Why We Don’t Need Civil Marriage in Israel

A well-known rule of game theory says an annoying player may be dispensed with by simply ignoring him. We should try the same tactic with the Chief Rabbinate.

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Members of the civil marriage lobby at a Knesset committee meeting in 2011.Credit: Emil Salman
Irit Rosenblum

We’re all familiar with the phrase “when hell freezes over,” meaning that something will never happen. Well, civil marriage will never happen in Israel. Partly because there’s no political coalition that could make it happen, but also because there’s no need for it.

Civil marriage in Israel is an issue that sustains everybody – especially our political leadership, which needs this sort of political dynamite in order to justify its existence and spur various economies. Since the state’s founding, 30 civil marriage bills have been proposed, the most recent just a month ago. And no less than three political parties (Yisrael Be’aliyah, Yisrael Beiteinu and Shinui) were established with the aim of introducing civil marriage here, if only for the sake of the new immigrants – those good citizens of the state who are unable to get married in it.

None of this helped in the least, and nothing has changed. So it’s perfectly clear that nothing will ever change – since the one who has to change doesn’t want to change, and is also making a good career out of it.

The Chief Rabbinate is to blame, and every day that passes allows it to enjoy the situation even more: It enriches its coffers, fortifies its control, dictates its policies. With this abundance of goodness, so what if a little rain and dirt falls on your head from time to time? A good conflict is a never-ending conflict, one that’s a continual source of energy – and the marriage conflict is just that. Not to mention the fact there are no fatalities involved, just some woman who’ll have to remain an aguna for the rest of her life, because she can’t obtain a religious divorce and therefore can’t remarry; or a humiliated mamzer who can’t find peace because of the circumstances of their birth; or a troublesome immigrant couple that’s suing for the money they had to spend to travel abroad to get married – it all dwarfs in comparison to this fantastic situation in which you get lots of money and lots of control.

Despite all the wonders of the civil marriage dispute, it could also be brought to an end without a resolution. We could just let it die. A well-known rule of game theory says an annoying player may be dispensed with by simply ignoring him. Ignoring someone can be effective if you don’t let that player feel he is necessary or let your annoyance show. If you don’t react to the problematic player, his impact dwindles – until he either goes away altogether or, better still, mends his ways.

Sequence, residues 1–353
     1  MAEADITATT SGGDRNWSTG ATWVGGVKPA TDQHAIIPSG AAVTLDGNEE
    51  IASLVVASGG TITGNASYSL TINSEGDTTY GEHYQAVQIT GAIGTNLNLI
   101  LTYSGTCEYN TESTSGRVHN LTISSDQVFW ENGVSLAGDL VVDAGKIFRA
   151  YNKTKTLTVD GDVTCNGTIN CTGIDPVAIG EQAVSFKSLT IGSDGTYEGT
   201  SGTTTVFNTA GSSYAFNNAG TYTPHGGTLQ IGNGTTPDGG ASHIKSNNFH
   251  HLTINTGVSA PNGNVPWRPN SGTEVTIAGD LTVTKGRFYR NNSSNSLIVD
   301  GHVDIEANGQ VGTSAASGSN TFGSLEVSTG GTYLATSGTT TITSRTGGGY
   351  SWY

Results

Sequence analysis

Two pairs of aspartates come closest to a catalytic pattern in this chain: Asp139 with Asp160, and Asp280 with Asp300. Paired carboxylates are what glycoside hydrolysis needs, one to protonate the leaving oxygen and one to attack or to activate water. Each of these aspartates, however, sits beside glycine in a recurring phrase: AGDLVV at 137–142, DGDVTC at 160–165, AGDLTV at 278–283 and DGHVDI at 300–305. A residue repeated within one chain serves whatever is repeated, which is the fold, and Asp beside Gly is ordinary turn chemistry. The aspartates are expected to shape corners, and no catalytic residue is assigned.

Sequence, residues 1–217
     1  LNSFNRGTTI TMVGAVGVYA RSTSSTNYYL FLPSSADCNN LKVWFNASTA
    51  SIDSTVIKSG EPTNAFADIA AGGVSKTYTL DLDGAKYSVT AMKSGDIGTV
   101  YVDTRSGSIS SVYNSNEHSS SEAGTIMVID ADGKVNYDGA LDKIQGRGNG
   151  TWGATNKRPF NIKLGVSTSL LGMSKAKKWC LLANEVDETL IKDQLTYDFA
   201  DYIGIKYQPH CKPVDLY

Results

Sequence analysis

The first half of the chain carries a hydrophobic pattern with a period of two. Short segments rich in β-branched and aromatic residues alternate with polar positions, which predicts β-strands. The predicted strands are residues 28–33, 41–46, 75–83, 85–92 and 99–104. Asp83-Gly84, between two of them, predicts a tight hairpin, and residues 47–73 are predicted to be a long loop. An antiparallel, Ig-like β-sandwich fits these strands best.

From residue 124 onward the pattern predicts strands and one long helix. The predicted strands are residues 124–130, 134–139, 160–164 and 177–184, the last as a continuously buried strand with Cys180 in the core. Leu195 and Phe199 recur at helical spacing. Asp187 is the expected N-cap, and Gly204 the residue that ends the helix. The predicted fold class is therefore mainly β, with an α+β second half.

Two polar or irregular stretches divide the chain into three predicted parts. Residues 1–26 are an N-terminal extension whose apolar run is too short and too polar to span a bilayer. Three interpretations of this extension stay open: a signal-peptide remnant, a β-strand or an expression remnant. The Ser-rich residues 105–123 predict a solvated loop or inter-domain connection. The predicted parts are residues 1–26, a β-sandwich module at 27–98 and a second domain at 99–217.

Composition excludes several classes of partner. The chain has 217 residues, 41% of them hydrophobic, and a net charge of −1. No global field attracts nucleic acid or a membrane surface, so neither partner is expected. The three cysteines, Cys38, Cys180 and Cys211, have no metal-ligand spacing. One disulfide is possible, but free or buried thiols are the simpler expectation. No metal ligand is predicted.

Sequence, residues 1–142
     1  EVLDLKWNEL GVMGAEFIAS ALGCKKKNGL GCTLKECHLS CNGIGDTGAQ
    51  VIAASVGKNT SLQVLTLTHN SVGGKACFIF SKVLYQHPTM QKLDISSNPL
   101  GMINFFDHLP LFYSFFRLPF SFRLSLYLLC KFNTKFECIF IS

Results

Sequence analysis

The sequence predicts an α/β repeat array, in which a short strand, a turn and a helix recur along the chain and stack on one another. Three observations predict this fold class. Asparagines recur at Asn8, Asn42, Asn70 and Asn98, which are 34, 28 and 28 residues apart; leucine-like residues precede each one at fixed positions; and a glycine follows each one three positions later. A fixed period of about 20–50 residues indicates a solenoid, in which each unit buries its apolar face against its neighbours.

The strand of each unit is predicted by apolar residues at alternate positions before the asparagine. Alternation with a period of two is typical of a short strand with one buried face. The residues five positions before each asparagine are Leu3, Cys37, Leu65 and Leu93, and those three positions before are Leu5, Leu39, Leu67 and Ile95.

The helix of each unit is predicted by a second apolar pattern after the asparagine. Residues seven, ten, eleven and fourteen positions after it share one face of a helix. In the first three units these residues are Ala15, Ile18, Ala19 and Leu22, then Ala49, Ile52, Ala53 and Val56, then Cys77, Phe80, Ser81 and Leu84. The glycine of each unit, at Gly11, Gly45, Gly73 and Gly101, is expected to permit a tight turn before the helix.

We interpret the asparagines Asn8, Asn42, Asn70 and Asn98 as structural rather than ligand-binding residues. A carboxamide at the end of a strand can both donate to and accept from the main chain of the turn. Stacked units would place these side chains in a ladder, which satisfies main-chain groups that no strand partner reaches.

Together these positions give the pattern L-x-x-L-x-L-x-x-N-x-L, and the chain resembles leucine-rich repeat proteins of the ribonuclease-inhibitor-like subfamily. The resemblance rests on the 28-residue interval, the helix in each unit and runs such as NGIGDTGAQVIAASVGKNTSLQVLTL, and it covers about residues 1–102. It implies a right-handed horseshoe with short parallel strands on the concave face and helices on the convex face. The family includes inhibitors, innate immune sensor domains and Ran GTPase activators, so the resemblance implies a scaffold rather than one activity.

In Israel, there’s no longer the need to get married, because today the status of common-law partners, or those who possess a domestic partnership certificate, is equal – in nearly every way – to the status of married couples. (Married here refers to those who wed in a religious ceremony here, as well as those who wed in a civil ceremony abroad.) In other words, it’s already possible to not get married at all and enjoy equal rights, so why do we keep letting that annoying player bother us? We should cease using his services, cease relating to his whims, and he’ll eventually go away. Or, better yet, mend his ways.

Forget all that’s been said. The most important fact is that religious marriage and civil marriage are worn-out goods these days. It’s not that we don’t want love or marriage or family: we want those things very much; we just don’t want them to control us, we don’t want them to impose their rules on us.

Citizens of the world, us included, have learned that it’s possible another way. One can have a wonderful relationship and an excellent family – even with a fully religious lifestyle – but we wish to control these things ourselves. Thus, the state and its institutions, religious or secular, have no place controlling our love lives and family life. We can do that just fine ourselves. As soon as we ignore this key player, the marriage conflict will end and we will be free. To that end, we don’t need yet another civil marriage bill.

The writer is an attorney who specializes in family and fertility law, and is the founder and director of the New Family Organization.

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